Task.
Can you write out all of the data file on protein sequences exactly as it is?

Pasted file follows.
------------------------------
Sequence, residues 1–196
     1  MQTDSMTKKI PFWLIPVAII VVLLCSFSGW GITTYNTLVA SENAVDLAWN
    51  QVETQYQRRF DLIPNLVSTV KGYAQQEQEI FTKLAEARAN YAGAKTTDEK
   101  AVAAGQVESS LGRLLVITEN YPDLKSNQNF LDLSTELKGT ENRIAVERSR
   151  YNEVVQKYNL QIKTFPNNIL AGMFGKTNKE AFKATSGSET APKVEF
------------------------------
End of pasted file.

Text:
Sequence, residues 1–196
     1  MQTDSMTKKI PFWLIPVAII VVLLCSFSGW GITTYNTLVA SENAVDLAWN
    51  QVETQYQRRF DLIPNLVSTV KGYAQQEQEI FTKLAEARAN YAGAKTTDEK
   101  AVAAGQVESS LGRLLVITEN YPDLKSNQNF LDLSTELKGT ENRIAVERSR
   151  YNEVVQKYNL QIKTFPNNIL AGMFGKTNKE AFKATSGSET APKVEF